Partnerships with Youth & the IREX Center for Applied Learning and Impact (CALI):Youth-Led Rapid Gender Assessmenta) Gender norms that constrain females were most often related to types of work (53)considered acceptable for females, expressed using terms such as “desk/office work”or “light/not physically difficult,” followed by gendered job opportunities andconstrained mobility.b) Gender norms that constrain males were mostoften related to familial obligations (37),“Males are more pressured to getprimarily expressed as expectations toa job because of social norms onprovide financial support (27), that wereclosely correlated with a perception that males their role as the provider for thehave a greater need for income (90) (for a family." Key Informant, Nablusand b, see chart “Co-occurrence of gendernorms affecting equal opportunities for youth”as well as Finding #3 below)FINDING #3Although gender norms that expand opportunities for youth were reported less often, such normswere roughly equal for males (35) and female (33).11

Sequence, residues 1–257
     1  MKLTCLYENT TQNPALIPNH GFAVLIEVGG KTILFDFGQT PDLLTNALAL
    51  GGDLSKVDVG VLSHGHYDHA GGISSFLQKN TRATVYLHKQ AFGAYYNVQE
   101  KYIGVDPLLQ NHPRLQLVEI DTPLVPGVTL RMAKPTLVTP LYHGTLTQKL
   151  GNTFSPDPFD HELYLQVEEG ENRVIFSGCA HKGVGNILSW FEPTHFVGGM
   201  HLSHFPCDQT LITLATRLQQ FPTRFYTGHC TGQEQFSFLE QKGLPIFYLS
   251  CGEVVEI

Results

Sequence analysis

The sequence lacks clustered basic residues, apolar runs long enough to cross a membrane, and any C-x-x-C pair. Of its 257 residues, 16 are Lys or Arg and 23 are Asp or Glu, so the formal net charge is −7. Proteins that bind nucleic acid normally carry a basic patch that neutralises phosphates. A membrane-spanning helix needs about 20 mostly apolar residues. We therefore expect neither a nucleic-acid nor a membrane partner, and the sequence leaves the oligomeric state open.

Partnerships with Youth & the IREX Center for Applied Learning and Impact (CALI):Youth-Led Rapid Gender Assessmenta. Norms that expanded opportunities for males most often included support for theircommunity engagement (14), gendered job opportunities (7 - often expressed interms of “male” sectors like engineeringor“male”positionssuchasmanagement), and mobility (e.g., " Females engage more in theirfreedom to travel outside one’s home communities to learn something newtown or West Bank for work or higheroutside their family, surroundings, andeducation).routine, while young men have anb. Reportednormsthatexpandopportunities for females most oftenenormous range of activities to entertainincluded support for community themselves" – Key Informant, Tulkaremengagement(22)andselfimprovement (10).FINDING #4Perceptions of (un)equal employment opportunities are not based on empirical data on currentunemployment rates among young men and women. Despite female unemployment in the WestBank at rates twice that of males, respondentswere more likely to report that females enjoymore employment opportunities than males. " Young women tend to have more jobs thanThe most common reasons cited were femalewillingness to accept low wages (26 mentions) young men. Most of the companies ask for afemale worker even if there are availableand employer preferences for hiring females(15 vs 12 for males), expressed in terms ofmale workers." – Focus group, Jeninphysical characteristics or commitment. Seechart “Perceived gender-based advantages inlabor market, by type” below.Perceived gender-based advantages in labor marketReported advantagesfemales willing to accept low wagesemployer preference for femalesemployer preference for malesmales willing to accept travel/relocationmales' social networksfemales' skills match employer needsmales' skills match employer needs01251015Frequency202530